Analysis of Amgen’s complaint against Sandoz in pegfilgrastim litigation

As we reported earlier, Amgen recently filed suit under the BPCIA against Sandoz and Lek Pharmaceuticals in the Northern District of California. Amgen alleges that Sandoz’s submission of an aBLA for its pegfilgrastim product (a biosimilar of Neulasta®) infringed two of Amgen’s patents under 35 U.S.C. § 271(e)(2)(C).  Amgen also seeks a declaratory judgment that the sale of Sandoz’s pegfilgrastim product will infringe the later-expiring of its two patents under 35 U.S.C. § 271(g).

The two patents-in-suit are U.S. Patent Nos. 5,824,784 and 8,940,878.  The ’784 patent, entitled “N-terminally chemically modified protein compositions and methods,” relates to N-terminally modified G-CSF (and methods of making and using the same) and expired October 20, 2015.  The ’878 patent, entitled “Capture purification processes for proteins expressed in a non-mammalian system,” relates to methods of protein purification and expires on October 8, 2031.

Even though the ’784 patent has already expired, Amgen alleges that the patent is properly asserted in this case because Sandoz submitted its aBLA prior to October 2015 (before the patent expired), and the FDA accepted the aBLA on October 26, 2015. According to Amgen’s complaint, Amgen and Sandoz then engaged in the “Patent Dance,” and agreed that both the ’878 and ’784 patents were properly included in the infringement action, which Amgen subsequently filed.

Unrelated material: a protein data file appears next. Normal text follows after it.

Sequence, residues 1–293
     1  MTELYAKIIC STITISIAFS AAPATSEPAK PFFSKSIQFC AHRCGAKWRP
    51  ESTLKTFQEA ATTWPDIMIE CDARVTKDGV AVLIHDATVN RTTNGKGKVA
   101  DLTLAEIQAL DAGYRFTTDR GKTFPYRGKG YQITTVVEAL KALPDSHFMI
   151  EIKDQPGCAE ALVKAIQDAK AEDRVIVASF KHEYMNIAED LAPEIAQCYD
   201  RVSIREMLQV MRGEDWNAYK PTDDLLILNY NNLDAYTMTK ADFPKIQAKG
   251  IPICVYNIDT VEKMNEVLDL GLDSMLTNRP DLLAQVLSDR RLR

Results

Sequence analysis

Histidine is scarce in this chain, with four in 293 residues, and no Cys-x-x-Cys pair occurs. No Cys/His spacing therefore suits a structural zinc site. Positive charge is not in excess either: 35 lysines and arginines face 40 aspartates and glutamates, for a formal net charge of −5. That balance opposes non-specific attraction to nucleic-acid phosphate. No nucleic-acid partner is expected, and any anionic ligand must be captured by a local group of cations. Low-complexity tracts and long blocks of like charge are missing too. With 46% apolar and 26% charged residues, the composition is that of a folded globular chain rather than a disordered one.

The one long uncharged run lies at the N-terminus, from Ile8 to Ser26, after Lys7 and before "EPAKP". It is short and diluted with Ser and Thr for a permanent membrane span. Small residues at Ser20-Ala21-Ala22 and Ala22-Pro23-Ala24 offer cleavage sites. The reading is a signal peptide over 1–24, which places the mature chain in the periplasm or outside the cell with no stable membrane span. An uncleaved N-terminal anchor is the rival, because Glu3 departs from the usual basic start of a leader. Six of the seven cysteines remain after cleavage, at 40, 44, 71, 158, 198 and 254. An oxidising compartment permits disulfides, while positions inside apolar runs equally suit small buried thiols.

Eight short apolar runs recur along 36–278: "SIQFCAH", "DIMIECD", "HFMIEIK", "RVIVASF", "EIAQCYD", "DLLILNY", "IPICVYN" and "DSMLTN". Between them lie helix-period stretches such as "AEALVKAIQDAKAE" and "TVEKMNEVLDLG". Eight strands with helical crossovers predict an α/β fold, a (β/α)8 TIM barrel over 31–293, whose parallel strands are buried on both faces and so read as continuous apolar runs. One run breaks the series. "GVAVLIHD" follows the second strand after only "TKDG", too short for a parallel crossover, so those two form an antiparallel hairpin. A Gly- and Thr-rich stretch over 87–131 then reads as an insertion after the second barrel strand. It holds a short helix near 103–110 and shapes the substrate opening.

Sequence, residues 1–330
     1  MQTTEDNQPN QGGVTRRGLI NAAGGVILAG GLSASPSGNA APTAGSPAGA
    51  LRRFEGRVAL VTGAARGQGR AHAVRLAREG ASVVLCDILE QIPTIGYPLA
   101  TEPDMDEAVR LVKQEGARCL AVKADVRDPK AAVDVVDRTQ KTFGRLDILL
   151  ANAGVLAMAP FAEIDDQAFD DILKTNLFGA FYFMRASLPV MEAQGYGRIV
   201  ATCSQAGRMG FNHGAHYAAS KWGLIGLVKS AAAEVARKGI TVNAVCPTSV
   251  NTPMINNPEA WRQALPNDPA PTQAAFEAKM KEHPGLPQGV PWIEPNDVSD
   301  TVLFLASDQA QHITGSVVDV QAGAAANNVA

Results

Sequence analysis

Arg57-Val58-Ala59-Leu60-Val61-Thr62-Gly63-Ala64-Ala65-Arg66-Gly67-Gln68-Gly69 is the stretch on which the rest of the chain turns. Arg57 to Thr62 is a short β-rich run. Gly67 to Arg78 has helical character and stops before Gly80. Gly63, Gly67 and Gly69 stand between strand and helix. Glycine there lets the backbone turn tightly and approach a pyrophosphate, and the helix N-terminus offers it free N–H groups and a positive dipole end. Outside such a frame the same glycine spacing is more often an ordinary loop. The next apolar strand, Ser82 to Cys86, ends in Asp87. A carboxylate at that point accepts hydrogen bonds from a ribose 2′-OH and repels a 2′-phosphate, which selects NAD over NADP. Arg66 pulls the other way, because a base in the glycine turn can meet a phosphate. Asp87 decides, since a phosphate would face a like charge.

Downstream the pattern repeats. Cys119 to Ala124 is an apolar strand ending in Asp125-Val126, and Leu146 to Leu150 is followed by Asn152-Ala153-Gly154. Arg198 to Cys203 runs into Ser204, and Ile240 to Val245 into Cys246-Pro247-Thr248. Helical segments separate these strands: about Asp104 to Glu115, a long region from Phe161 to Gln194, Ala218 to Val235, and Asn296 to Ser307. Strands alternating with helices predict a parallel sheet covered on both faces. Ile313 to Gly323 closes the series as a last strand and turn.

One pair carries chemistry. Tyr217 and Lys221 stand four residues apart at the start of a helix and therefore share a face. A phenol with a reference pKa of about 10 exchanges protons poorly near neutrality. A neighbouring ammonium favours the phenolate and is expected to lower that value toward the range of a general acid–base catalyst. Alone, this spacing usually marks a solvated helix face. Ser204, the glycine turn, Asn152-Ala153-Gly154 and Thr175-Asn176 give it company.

This is Amgen’s second suit against Sandoz concerning its pegfilgrastim biosimilar. A prior complaint was filed in March in the District of New Jersey.

Stay tuned to the Big Molecule Watch for further analysis of this case as it develops.